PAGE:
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Cameras for air quality

10 October 2018

New fines are being handed out to motorists in the Brussels region. Speeding? Running a red light? No – it’s because they were driving polluting vehicles, which are banned in the Low Emission Zone, and were found out by a smart-city smart camera.

A new step has been taken in the implementation of the Low Emission Zone (LEZ) in the Brussels-Capital Region. Since 1 October 2018, drivers whose vehicles no longer meet the required standards are being fined. But how do you catch offenders in the act? With smart-city technology, of course!

ANPR makes cameras smart

The Brussels Region’s Low Emission Zone classifies vehicles according to their polluting emission levels as determined by the EURO standards. Currently, the most polluting diesel vehicles (EURO 0 and EURO 1) are banned. As of 2019, this will also apply to EURO 2 diesel vehicles and EURO 0 and EURO 1 petrol vehicles. The purpose of this move is to protect the Brussels population from a pollution source which, according to the World Health Organisation (WHO), causes 75,000 premature deaths in Europe each year.
The EURO class of a vehicle cannot be determined with the naked eye. It takes video cameras with ANPR smart technology to do so. As its name suggests, ANPR (Automatic Number Plate Recognition) is used to automatically recognise registration plates. The system analyses the image from the video camera and is able to read the characters on the number plate.

1.2 million vehicles a day

184 ANPR cameras have already been deployed by the Brussels Region Informatics Centre (BRIC) throughout the region within the scope of the regional video protection platform. By the end of 2018, another 40-odd cameras will have been added. At the present time, around 1.2 million vehicles are being filmed by the system each day.
Images and registration-plate numbers are not enough to identify an offender, however. For this to happen, the data must be connected to other data held by the Vehicle Registration Department (DIV) within the Federal Public Service Mobility.
This connection is made via Bruxelles Fiscalité/Brussel Fiscaliteit, the body in charge of identifying offenders, notifying them, and issuing LEZ fines, which has a specific platform for this purpose. The platform accesses the images and processes the data using regional service integrator Fidus, which in the Brussels Region is used for the exchange of official data between authorised public services.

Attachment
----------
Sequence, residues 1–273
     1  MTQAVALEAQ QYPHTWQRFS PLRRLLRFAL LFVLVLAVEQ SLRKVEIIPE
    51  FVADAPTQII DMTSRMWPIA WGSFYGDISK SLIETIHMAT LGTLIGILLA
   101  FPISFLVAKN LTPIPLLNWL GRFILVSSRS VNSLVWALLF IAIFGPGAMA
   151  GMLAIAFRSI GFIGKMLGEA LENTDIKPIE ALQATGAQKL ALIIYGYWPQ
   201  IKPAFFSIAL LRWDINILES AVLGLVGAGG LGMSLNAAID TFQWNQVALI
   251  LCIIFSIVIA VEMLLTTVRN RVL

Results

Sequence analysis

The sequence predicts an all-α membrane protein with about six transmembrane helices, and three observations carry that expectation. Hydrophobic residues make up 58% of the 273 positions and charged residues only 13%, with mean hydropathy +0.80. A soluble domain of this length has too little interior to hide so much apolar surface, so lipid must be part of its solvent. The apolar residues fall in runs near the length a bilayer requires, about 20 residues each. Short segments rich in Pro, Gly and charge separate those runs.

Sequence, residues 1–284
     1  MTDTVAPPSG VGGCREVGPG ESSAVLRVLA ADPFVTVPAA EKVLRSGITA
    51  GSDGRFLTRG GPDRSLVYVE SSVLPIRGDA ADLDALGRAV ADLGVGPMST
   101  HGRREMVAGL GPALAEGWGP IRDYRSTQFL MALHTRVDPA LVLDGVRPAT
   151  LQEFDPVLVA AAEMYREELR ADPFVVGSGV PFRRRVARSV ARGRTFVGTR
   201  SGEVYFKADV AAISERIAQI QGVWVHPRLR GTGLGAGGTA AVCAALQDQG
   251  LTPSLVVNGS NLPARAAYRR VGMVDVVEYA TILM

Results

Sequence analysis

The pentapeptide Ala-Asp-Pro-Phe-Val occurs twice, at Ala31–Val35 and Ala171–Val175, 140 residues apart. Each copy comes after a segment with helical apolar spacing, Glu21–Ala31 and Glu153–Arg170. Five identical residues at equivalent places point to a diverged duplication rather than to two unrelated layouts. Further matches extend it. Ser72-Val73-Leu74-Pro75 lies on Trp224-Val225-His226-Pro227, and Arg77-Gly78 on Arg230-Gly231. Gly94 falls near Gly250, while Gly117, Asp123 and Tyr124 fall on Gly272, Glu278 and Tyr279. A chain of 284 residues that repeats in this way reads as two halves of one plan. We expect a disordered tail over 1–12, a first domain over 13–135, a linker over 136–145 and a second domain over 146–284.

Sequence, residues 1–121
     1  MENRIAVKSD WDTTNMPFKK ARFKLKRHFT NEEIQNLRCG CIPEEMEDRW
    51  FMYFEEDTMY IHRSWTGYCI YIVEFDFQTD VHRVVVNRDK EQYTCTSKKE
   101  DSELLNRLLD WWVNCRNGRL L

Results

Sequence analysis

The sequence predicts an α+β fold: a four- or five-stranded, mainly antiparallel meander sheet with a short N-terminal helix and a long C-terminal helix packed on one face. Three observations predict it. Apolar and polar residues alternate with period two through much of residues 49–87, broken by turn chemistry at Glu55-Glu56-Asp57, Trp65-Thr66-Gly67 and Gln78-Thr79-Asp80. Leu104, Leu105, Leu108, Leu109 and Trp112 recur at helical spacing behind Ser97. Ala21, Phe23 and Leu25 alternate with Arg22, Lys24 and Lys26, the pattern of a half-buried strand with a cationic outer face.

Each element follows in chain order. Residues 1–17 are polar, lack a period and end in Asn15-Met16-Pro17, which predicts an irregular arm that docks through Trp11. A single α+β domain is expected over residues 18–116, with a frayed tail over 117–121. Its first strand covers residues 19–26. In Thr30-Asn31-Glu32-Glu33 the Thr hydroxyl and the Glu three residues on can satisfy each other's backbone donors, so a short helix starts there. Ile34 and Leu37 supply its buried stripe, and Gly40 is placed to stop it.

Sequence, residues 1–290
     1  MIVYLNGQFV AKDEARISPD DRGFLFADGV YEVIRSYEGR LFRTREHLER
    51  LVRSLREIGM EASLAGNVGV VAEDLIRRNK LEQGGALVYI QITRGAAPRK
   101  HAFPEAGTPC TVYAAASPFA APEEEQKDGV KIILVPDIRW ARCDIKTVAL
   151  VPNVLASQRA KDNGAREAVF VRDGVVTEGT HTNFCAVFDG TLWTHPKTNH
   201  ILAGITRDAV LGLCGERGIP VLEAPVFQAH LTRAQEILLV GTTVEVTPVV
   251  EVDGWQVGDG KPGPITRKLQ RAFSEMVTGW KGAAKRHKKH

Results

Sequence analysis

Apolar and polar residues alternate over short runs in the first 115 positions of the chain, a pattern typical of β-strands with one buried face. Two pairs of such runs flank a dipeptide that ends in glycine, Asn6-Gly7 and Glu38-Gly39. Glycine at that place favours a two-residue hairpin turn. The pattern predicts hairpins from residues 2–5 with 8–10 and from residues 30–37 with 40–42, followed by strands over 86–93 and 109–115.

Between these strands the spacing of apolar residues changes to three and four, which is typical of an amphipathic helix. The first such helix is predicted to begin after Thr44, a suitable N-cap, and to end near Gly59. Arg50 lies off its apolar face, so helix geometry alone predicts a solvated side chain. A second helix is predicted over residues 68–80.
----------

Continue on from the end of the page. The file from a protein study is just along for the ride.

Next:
Warnings before fines

This means that number plate data for all vehicles driven in the LEZ can be connected to the EURO standard and the vehicles’ class. In the event of an offence, they are connected to the vehicle owner’s data and Bruxelles Fiscalité/Brussel Fiscaliteit can automatically issue a notification of the fine incurred in the LEZ.
The system has already proved itself during the spring of 2018. However, warnings were issued rather than fines. Around 3,000 vehicle owners were merely notified until 1 October. It should be noted that as new vehicle categories are banned from the LEZ, their owners will in turn be issued warnings for a period of time. The messages sent include information concerning the clean-transport alternatives supplied by the Brussels Region as well as ways for owners to rid themselves of their polluting vehicles.

What about privacy?

As the processing chain is fully automated, privacy is not infringed in any way. Only Bruxelles Fiscalité/Brussel Fiscaliteit may read the video images of vehicles and the data which identify offenders. The other bodies involved in the processing chain, e.g. the BRIC for the ANPR cameras and the Fidus platform, as well as its partner IRISnet, which circulates the data on its optic-fibre network, are never able to read or interpret the video images. Moreover, the various data-processing operations are authorised by the Data Protection Authority (DPA).
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